How to Set Digital Talent Up for Success in Government
So you've successfully recruited and retained tech talent in the public sector — congratulations! But even the most talented digital professionals will only succeed in the right environment.
Hiring a legion of developers and UX designers isn't enough for true digital transformation. To make real change, governments need to seriously consider a culture shift.
In our last blog post, we broke down how our Fellowship program managed to retain top digital talent, with more than 75% of our fellows staying on in government once their contract had finished.
Here's what our fellows told us about what allowed them to thrive in their government roles and what barriers they faced to success.
In our conversations with former fellows, they mentioned some key culture issues:
Lack of precedent: Risk-averse government decision-makers were often unfamiliar with digital ways of working, including user-centred design, iterative work, and building prototypes.
Siloed communication: Some fellows faced communication gaps between policy teams, subject matter experts and the IT department. Others were isolated from internal department staff and had difficulties connecting and working with their government counterparts in IT.
Lack of buy-in: A lack of organizational buy-in from all levels was often a barrier to fellows' success. One fellow shared that while they were supposed to bring "technical transformation" to their department, its success depended on cultural transformation. For many teams, "human barriers were the biggest barrier [they] experienced."
We spoke with the fellows about how governments could embrace cultural change to achieve their digital transformation mandates. Here's what they shared.
Prepare government leaders with digital ways of working
Digital transformation is incredibly difficult without the support of executive leadership. Yet, there is a digital knowledge and skills gap in government leadership. This gap means digital professionals must spend time and effort to justify their work, limiting their success.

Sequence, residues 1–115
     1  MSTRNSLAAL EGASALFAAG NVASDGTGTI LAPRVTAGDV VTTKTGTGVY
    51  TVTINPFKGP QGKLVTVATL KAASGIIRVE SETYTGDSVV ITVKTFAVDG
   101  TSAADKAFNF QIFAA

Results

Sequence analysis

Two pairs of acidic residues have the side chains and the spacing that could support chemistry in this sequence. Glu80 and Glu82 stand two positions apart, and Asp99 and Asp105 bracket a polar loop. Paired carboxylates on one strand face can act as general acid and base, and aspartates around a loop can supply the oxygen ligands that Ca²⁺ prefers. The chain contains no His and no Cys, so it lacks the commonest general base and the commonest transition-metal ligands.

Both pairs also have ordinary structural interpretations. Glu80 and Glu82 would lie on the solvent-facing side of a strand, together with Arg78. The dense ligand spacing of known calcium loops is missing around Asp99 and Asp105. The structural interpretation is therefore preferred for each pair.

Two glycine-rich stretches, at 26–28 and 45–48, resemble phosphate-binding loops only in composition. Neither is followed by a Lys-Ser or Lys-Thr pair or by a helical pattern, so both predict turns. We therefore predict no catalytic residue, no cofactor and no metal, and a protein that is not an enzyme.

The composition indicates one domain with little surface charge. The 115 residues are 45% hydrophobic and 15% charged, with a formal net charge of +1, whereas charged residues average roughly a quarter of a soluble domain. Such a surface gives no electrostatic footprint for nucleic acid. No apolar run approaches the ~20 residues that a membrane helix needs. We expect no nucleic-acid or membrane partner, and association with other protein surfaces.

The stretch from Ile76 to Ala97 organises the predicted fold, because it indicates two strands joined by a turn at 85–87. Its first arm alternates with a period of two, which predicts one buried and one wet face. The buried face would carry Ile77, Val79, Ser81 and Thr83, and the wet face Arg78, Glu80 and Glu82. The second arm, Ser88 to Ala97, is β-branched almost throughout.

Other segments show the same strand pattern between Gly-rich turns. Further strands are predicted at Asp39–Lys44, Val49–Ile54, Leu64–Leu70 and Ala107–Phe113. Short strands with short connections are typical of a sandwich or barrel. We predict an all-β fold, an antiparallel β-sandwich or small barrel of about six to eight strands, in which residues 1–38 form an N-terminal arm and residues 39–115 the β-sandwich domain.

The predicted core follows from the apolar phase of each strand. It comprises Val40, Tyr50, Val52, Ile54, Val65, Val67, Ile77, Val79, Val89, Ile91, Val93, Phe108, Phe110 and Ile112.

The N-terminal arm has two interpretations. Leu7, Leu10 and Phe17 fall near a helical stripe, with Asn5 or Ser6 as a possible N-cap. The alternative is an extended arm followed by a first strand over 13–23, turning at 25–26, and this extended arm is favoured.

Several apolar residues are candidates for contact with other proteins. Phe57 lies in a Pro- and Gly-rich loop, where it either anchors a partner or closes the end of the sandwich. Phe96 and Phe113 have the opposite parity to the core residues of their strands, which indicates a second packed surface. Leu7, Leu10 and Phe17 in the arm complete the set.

As one fellow explained, "The biggest challenge that I experienced was a lack of understanding on the part of [my government team] in terms of what a UX designer role was and how it could support product development."
We recommend creating a central digital hub to help decision-makers familiarize themselves with digital tools and concepts. By providing leaders with the resources they need to understand the benefits of digital work, they can become digital champions in their departments.
Establish a need assessment framework for all digital teams
Many government teams struggle with knowing where to start their digital transformation journey. While there's no one-size-fits-all solution, a needs assessment framework would give leaders the help they need to understand opportunities and limitations when crafting an initial roadmap.
Create working groups to engage CIOs and existing IT teams
Our fellows told us that engaging existing IT teams is crucial to digital success. Government departments already have many information, communications and technology (ICT) professionals who are skilled but dealing with roadblocks such as dated technology, slim resources and bureaucracy.
There is often a lack of a shared vision and understanding of the 'why' and 'how' of digital ways of working. Creating working groups would reduce friction and create team synergy to enable success.
Want to know more?
If you missed the first two blogs in our series, check out our recommendations about recruitment and retention. And be sure to catch our Executive Director Dorothy Eng in conversation with other experts about building digital government talent pipelines later this month.
This blog post series is based on findings published in Building Digital Government Talent Pipelines: Recruitment and Retention for Digital Era Government, as part of the Code For Canada, Institute for Public Administration, and Policy Ready digital government case study series study. To get a more in-depth review of our findings, please read the full case study.